“I really appreciate that Spider-Man is a local hero,” she says. “I have become a Spider- Man fan. One of the really nice things about that superhero is that, unlike other superheroes, he comes from a real place.”

A 4-year-old fan sends his love to his favorite superhero. (Pamela Parker)
A 4-year-old fan sends his love to his favorite superhero. (Courtesy of Pamela Parker)

While the city has yet to name 20 Ingram Street an official landmark, last year a Queens local named Larry Ng started a campaign to erect a statue of Spider-Man in the area, depicting the superhero hanging from a lamppost at the intersections of Ditko and Lee (for Stan Lee and co-creator Steve Ditko).

Sadly, Disney had issues with handing over creative license, so Ng's plans were ceased.

“They are very protective of their intellectual property,” Ng told Hell Gate, a local publication, about the campaign, which received hundreds of signatures from Queens locals.

A 6-year-old fan couldn't help but gush over Peter Parker's girlfriend, Mary Jane, who
A 6-year-old couldn't help but gush over Peter Parker's girlfriend, Mary Jane, who "is also cool." (Courtesy of Pamela Parker)

Pamela’s family moved out of 20 Ingram Street in 2017, after which her parents gave her the numerous fan letters they’d collected over the course of nearly three decades. Parker has since donated them to the City Reliquary, a not-for-profit community museum and civic organization in Williamsburg, Brooklyn, which celebrates "local heroes" and "offbeat histories" of New York City.

“I'm happy for them to be public and, especially, to give the collection to the City Reliquary, which is a really wonderful place to visit,” says Parker, who is also a board member of the museum. “It’s also a nice way for [the letters] to participate in a bit of civic pride,” like their local superhero would have wanted.

“The collection is an incredible example of serendipity, and so-called coincidence,” Dave Herman, the museum’s founder, tells Yahoo Life. (For anyone in the area, the “Letters to Spiderman” collection will be on display through April 2, with select images available to see here.) “Despite denying responsibility, we are quite glad the Spider-Man writers chose a real-life Parker family address to use in their historic comic books. By doing so, they’ve allowed the real-life Parkers to create an archive of appreciation for our hometown superhero.”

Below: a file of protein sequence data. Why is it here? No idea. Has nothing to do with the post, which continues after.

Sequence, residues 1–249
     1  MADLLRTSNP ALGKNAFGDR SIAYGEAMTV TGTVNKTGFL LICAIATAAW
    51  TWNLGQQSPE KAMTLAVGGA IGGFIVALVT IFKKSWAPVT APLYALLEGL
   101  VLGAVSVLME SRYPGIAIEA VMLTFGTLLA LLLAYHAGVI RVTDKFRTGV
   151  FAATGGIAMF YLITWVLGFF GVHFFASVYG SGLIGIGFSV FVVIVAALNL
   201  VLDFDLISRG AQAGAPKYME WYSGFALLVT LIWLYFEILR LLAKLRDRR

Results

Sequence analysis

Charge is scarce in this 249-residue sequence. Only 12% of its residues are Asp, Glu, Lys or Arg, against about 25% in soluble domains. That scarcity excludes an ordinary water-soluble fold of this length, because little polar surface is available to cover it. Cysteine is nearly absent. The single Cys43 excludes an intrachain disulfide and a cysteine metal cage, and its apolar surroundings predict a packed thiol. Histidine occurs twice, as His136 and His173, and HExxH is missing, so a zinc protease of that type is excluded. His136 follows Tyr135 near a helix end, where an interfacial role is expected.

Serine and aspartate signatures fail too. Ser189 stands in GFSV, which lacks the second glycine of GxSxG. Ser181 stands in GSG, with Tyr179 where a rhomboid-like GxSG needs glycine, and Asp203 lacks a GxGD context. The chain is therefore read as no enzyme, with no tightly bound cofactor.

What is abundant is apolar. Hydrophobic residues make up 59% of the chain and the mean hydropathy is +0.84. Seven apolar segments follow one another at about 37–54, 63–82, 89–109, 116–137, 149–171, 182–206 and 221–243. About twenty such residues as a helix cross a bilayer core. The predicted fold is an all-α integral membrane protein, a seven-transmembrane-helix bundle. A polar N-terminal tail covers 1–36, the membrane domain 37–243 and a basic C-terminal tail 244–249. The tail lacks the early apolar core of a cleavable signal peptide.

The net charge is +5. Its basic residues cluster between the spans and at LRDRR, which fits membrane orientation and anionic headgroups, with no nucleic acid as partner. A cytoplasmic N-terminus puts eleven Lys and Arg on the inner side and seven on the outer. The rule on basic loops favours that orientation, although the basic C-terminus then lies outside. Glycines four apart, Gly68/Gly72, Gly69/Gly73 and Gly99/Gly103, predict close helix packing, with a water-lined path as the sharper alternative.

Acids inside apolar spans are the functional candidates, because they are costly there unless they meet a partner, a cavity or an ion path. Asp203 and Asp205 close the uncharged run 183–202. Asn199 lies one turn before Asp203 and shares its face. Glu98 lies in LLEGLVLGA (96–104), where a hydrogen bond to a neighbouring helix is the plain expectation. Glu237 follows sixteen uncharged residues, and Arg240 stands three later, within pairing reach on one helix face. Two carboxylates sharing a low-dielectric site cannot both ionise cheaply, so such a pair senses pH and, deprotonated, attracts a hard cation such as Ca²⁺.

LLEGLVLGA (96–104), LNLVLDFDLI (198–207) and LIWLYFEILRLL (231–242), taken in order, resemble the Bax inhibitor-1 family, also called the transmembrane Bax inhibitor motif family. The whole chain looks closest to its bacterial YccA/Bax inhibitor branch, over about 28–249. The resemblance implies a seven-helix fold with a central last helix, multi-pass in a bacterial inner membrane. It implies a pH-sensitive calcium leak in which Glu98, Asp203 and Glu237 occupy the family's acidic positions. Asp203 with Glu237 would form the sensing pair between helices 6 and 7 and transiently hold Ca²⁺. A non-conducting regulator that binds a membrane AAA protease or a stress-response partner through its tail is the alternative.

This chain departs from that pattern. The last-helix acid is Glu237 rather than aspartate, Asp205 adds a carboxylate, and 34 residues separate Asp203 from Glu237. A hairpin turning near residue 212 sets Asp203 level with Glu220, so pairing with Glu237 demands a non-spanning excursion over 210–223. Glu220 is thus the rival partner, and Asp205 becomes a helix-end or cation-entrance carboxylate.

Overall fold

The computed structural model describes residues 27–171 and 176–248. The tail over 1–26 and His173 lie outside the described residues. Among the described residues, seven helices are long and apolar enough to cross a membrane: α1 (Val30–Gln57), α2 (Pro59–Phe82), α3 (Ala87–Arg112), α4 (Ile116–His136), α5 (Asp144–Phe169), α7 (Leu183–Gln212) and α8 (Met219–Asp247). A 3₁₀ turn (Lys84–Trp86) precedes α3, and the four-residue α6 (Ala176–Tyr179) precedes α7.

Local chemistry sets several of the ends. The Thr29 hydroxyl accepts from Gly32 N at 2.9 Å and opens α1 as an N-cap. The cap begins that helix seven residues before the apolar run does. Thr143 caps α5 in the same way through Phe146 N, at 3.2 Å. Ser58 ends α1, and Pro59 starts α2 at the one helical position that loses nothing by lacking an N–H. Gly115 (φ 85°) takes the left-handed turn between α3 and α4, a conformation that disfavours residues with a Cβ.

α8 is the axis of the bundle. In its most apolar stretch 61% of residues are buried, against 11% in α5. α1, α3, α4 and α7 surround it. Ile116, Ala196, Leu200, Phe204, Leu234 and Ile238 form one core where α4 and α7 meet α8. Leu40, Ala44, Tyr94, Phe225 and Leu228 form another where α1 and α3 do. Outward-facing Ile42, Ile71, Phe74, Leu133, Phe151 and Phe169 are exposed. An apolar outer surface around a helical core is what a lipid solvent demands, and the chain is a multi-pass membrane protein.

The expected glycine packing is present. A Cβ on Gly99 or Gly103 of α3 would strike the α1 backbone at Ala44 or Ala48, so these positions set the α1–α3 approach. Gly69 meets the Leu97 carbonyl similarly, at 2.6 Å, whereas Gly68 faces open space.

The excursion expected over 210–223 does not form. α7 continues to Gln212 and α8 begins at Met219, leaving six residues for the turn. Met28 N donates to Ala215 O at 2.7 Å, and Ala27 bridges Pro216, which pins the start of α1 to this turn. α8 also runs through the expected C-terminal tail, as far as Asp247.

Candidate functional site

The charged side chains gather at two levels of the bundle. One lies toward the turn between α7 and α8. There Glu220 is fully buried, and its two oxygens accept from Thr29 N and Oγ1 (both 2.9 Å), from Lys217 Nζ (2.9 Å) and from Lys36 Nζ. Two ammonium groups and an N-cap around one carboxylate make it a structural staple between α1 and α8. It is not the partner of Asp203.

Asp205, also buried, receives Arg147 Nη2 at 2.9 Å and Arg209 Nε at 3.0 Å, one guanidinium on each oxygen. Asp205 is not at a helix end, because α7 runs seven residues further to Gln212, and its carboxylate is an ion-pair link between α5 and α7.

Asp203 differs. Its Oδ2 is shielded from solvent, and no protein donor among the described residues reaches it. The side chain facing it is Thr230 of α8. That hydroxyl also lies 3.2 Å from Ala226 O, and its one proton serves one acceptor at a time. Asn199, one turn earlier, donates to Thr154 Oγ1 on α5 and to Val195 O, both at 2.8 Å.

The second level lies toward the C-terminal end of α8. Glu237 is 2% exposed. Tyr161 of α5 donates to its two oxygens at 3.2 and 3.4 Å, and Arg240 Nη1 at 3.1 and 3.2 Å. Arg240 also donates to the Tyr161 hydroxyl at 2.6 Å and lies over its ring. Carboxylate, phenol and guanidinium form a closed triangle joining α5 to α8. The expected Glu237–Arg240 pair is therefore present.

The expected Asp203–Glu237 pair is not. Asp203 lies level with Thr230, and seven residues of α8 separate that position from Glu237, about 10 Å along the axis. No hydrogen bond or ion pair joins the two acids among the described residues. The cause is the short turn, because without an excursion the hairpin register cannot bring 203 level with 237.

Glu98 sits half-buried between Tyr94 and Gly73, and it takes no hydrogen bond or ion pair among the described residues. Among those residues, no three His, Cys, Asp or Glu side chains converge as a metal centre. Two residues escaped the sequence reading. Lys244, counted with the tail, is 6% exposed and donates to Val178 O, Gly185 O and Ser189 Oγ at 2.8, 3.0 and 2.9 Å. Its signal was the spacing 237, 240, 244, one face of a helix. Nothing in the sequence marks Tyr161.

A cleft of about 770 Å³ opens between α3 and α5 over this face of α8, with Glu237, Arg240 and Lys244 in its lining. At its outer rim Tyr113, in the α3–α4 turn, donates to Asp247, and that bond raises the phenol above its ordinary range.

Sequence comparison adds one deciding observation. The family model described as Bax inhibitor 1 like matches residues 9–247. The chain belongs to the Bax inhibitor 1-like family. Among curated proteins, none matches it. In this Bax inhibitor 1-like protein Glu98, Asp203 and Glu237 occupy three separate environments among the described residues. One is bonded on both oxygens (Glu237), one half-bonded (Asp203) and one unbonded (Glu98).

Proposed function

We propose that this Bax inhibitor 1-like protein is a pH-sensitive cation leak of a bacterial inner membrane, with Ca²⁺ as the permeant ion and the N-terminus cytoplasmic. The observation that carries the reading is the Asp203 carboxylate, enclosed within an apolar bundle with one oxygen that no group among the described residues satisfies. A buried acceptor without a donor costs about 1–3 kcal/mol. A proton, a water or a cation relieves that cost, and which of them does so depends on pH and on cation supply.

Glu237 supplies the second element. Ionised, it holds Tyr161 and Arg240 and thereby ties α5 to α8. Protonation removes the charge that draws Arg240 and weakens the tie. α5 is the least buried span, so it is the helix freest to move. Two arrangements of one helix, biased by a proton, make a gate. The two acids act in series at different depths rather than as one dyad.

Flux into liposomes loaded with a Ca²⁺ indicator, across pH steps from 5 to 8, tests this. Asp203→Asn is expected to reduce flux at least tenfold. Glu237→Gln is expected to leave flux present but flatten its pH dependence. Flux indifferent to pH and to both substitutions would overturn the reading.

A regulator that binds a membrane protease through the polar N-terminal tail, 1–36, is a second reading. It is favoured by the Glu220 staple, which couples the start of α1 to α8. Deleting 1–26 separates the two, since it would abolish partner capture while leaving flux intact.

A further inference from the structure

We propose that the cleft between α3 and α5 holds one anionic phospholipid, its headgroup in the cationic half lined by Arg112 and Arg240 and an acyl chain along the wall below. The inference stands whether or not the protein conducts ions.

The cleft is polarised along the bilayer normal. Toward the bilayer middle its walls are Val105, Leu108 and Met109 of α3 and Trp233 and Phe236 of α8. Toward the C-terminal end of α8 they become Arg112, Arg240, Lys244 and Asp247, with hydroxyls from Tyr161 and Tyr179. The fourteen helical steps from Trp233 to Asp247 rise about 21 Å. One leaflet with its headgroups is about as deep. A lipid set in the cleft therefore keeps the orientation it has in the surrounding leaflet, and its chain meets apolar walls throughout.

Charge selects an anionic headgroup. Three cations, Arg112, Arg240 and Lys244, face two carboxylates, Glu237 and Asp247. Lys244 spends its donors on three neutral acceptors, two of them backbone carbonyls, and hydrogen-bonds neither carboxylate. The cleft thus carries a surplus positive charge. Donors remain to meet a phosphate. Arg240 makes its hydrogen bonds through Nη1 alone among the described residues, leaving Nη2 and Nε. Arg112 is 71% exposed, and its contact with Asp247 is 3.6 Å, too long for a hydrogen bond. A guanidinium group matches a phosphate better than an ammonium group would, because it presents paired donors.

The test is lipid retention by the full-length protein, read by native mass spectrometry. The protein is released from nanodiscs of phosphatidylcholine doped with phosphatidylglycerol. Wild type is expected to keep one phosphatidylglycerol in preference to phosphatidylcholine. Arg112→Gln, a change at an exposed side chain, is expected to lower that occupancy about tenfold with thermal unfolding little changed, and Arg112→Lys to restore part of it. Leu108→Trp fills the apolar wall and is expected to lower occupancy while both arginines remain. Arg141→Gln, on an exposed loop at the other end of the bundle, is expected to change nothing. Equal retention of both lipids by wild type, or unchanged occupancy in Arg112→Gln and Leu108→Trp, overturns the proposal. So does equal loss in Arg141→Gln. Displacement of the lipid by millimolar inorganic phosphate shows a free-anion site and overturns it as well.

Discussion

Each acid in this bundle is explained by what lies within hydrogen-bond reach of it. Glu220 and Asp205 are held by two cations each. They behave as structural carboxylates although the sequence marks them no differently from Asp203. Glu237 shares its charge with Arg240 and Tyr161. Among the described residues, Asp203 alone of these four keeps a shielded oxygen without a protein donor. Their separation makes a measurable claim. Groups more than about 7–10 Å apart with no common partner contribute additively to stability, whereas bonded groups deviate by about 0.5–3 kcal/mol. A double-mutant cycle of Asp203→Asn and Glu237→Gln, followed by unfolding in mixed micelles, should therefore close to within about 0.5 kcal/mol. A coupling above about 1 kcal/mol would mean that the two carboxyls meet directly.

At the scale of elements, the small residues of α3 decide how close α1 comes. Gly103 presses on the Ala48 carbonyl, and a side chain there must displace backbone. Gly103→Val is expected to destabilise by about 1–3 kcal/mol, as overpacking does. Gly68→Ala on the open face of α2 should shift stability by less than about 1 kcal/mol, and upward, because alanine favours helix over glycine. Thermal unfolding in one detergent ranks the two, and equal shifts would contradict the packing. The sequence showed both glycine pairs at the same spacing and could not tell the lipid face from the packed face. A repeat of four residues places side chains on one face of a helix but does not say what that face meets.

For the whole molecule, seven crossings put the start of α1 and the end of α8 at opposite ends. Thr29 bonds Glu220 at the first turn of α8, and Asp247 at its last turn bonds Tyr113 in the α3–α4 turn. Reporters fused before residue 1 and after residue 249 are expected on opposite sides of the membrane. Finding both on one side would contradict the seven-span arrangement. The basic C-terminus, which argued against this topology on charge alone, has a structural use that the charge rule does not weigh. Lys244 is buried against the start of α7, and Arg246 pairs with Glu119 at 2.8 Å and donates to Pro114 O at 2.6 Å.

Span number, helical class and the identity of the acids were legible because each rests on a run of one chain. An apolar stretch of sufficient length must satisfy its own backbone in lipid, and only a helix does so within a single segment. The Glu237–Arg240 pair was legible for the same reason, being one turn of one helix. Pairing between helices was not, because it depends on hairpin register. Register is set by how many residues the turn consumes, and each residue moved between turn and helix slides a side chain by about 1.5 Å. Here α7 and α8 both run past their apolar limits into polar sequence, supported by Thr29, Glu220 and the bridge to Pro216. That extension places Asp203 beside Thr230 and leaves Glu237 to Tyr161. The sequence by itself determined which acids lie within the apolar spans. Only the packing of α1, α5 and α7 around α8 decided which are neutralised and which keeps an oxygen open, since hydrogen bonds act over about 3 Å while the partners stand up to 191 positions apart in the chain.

In some instances, senders didn't even need to write the full address for the post office to know they were mailing it to Peter Parker's address. (Pamela Parker)
In some instances, senders didn't even need to write the full address for the post office to know it was meant for Peter Parker's address. (Pamela Parker)

“Spider-Man exemplifies the spirit of a true New Yorker, made of grit and determination, always ready to stand with and protect his fellow citizens,” Herman says, adding that “in a post-9/11” world, the superhero “exemplified the spirit of unity among New Yorkers” as he fought to protect the city — as reflected in a particular line from the 2002 film when a New York native shouted at the Green Goblin from the 59th Street Bridge: “You mess with one of us, you mess with all of us!”

For Parker, the museum is the perfect home for a superhero like Spider-Man, who, she says, continues to inspire other local heroes to do the right thing.

“Start from a place of civic pride,” she advises young aspiring heroes. “That’s always going to set you up to keep your eyes on what's going on around you — and looking for ways to help others.”